Who are the parties in a trust? There are only three parties to a trust, and that’s all you need to know:
1) Trustor: This refers to the person who created the trust and put their assets into it (think “creator”).
2) Trustee: This is the person whom the creator of the trust chooses to have manage all of the assets in the trust (think “manager”).
3) Beneficiaries: These are the lucky people who get to benefit from all of the assets in the trust (think “lucky people”).
How Trusts Work
Trust-based estate plans are being implemented more and more by all of the ladies out there, whether they are single, divorced, widowed, or married. There are very good reasons for this, which I’ll get into.
A trust is simply a contract, just like the contract a consumer has with their cell phone or cable company. In a contract, the rights and responsibilities of the parties involved are clearly defined, and in a trust, the creator gets to define all of the responsibilities of everyone involved (e.g., who will manage their affairs in the event of incapacitation or death, to whom the monies and other assets will go, etc.)—WITHOUT having the courts involved. Since a trust is a contract, it is governed by contract law, so there is no need for a judge to be involved.
Most women want to make it as easy as possible for their family and children after they pass away, and they don’t want their family to have to go through the probate process in order to inherit. This is why most women choose to set up a trust while they are alive: they want to make sure that they protect their loved ones from unnecessary risks and expenses.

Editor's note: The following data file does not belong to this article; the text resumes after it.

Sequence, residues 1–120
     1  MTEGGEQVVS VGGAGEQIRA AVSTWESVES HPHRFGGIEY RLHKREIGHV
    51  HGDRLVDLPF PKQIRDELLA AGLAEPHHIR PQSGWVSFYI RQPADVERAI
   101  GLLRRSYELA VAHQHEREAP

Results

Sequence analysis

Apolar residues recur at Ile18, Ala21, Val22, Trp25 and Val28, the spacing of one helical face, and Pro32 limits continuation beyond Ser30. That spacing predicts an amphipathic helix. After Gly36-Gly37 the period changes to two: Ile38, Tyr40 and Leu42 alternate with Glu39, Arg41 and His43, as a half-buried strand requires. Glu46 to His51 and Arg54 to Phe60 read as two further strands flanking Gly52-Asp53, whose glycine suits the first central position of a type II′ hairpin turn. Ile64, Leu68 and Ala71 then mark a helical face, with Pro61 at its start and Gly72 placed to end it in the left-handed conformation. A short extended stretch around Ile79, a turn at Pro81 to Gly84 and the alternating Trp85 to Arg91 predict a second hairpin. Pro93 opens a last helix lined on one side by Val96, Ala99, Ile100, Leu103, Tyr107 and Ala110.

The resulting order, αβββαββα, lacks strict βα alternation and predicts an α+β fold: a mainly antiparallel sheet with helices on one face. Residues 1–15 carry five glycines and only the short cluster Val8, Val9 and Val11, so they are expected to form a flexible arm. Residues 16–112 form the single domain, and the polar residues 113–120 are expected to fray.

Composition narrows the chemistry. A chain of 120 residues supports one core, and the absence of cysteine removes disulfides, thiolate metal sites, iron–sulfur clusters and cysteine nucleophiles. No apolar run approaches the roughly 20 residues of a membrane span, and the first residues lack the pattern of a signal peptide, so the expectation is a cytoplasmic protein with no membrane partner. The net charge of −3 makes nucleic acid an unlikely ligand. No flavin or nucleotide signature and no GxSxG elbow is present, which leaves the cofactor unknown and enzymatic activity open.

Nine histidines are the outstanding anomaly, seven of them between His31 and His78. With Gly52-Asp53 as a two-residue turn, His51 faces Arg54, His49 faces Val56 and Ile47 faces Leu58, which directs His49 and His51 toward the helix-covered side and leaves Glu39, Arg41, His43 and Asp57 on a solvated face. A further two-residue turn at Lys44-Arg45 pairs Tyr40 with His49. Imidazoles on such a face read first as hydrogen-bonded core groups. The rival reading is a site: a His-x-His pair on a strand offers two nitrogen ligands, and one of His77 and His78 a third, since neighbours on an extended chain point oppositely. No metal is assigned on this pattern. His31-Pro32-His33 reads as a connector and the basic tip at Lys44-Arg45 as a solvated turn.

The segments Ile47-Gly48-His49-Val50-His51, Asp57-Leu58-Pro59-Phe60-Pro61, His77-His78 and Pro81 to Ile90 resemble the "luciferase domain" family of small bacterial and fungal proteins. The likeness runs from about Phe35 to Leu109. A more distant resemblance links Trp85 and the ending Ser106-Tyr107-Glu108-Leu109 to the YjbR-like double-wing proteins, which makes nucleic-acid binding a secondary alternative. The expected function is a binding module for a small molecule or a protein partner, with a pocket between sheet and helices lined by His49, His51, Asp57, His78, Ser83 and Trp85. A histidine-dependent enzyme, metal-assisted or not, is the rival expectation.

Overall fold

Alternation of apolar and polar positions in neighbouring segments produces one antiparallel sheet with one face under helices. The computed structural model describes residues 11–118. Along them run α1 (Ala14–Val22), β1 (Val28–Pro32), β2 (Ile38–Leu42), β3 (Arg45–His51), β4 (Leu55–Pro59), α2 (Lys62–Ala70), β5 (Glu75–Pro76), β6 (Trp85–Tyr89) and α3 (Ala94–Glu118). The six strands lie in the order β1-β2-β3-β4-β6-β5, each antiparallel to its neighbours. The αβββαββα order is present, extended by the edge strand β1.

One of the most powerful benefits of a trust is that, unlike a will, a trust doesn’t have to die with the person. In other words, assets can stay in the trust and be managed by the selected trustee until the beneficiaries reach the age(s) at which the creator of the trust wants them to receive their inheritance.
For all of us moms, we know that no matter what we do as parents, none of our children turn out the same … and oh, what different personalities they have! One child may be introverted and the other extroverted; one book smart and the other good with their hands or amazingly creative; one financially responsible and the other not.
The creator of a trust has the ability to leave each child their inheritance in such a way as to specifically address that child’s individual and unique concerns, and protect their inheritance from certain life events that they might one day encounter, such as divorce, creditor issues, and/or just the fallout from poor decision making.
There are different types of trusts that are used in estate planning, but for our purposes here, I am telling all you ladies to focus on the most common type of trust: the revocable trust (also called a revocable living trust). A revocable trust is such an amazing estate planning tool; it allows a person to manage all of their assets the same way they always have (e.g., they can buy, sell, or trade them), and there are no negative tax implications or any reason to file taxes any differently during the creator’s lifetime. Last but perhaps most importantly, a revocable trust ensures that the creator’s loved ones will not have to deal with the courts. Amazing!
For more information on Estate Planning For Women In Massachusetts, an initial consultation is your next best step. Get the information and legal answers you are seeking by calling (978) 566-3500 today.